Materials and Methods
Eight non-heat-acclimated male soccer players (age: 21 ± 1.6 years, height: 174 ± 5 cm, mass: 64 ± 4 kg) volunteered for this study. They abstained from alcohol and caffeine consumption 24 h before the experiment, and they ingested same food and drink (Calorie Mate and Energen; Otsuka Pharmaceutical Co., Ltd., Japan) 2 h before the testing. All trials took place during the winter season with mean temperatures ranging from 10°C to 19°C to avoid the influence of natural heat acclimatization. The study procedures were approved by the Ethics in Human Research Committee of Hiroshima University, and all participants signed an informed consent form before the start of the study.
Participants completed one familiarization session before completing two experimental sessions in a randomized cross-over design. In one experimental session, participants wore the cooling vest (VEST) at the HT, and for the other session, they wore the cooling vest without ice packs (CON) at the HT. In the familiarization trial, they performed with the same measurement and protocol as the CON. Each session was separated by at least 4 days and completed at the same time of day to control for the effect of circadian rhythm on body temperature. All sessions took place in a climate environmental chamber in hot ambient conditions (33.0°C, 50% relative humidity). During all sessions, participants were allowed to consume water (33°C) up to 750 ml during the 2-min rest and HT, and all participants drank all the water.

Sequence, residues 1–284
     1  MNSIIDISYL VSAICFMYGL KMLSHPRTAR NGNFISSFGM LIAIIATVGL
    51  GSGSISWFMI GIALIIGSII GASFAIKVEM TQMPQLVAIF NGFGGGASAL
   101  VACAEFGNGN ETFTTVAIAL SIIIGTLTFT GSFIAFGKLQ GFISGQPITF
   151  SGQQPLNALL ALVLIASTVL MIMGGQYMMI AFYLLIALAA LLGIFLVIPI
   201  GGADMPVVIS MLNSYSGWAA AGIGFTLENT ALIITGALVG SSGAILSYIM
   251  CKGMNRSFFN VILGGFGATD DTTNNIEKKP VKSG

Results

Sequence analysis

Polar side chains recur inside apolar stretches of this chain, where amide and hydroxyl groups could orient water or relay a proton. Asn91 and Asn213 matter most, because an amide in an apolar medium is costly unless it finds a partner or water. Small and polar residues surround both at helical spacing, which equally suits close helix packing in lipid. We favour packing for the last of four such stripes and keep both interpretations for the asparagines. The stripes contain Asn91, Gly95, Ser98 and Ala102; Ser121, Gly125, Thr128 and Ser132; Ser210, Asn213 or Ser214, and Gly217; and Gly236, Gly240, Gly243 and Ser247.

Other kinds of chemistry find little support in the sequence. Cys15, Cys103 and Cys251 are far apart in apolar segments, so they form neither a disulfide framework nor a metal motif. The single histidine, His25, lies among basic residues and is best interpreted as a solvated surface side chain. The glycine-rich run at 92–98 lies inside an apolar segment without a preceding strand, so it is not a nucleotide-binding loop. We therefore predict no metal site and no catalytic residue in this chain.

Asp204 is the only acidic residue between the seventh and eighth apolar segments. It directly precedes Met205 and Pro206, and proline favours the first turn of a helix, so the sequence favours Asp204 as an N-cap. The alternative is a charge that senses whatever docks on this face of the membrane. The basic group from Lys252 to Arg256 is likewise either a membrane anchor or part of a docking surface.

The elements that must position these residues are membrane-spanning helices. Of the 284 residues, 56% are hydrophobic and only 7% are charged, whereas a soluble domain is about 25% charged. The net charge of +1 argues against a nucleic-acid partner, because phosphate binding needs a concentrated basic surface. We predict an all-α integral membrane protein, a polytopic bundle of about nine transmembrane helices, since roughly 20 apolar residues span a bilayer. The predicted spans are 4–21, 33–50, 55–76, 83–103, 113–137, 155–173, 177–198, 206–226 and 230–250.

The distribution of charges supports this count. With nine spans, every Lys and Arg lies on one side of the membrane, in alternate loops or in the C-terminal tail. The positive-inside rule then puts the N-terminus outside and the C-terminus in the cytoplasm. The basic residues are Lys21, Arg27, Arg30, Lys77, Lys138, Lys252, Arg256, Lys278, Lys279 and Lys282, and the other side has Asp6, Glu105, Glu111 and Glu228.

Given that the measuring equipment was attached in all participants in the heat, they stayed in the heat for 30 min before the start of the exercise. All sessions were completed with the use of a cycling ergometer (POWERMAX-V2; COMBI, Japan). Participants completed warm-up exercises consisting of 7 min of cycling (body mass × 0.01 kp) and 3 sets of maximal pedaling (body mass × 0.075 kp) at 2 min before the exercise protocol. Participants completed a laboratory-based intermittent exercise protocol designed to replicate the demands of actual intermittent athletic games. The protocol consisted of two 30-min halves separated by a 15-min HT, with the half consisting of two trials separated by a 2-min rest period. One set consisted of a 5-s maximal pedaling (body mass × 0.075 kp), 25-s active recovery (no load, 80 rpm), and 30-s passive recovery. One trial consisted of 15 sets. Participants performed a total of four trials (Figure 1).
The cooling vest (Mizuno Co., Ltd., Japan), which can cool the neck, upper body, back, and side, was used during HT. Immediately after the 2nd trial ended, participants took off their underwear and training shirt, wiped their sweat, changed into a new training shirt, and wore the cooling vest. Given 1 min was required to change clothes, the actual cooling time was 14 min. In the VEST, ice packs (approximately -1°C) of gel material frozen in the freezer beforehand were put inside the pockets of the cooling vest. Since it was kept in the freezer until immediately before cooling, the cooling effect remained for the duration of 14 min. On the other hand, in the CON, cooling vests with similar weight as the used in the VEST (1.9 kg) were used.
We measured the mean and maximal power outputs as the intermittent exercise performance. The mean power output was an average of 5-s maximal pedaling, and the maximal power output was calculated by the following equation: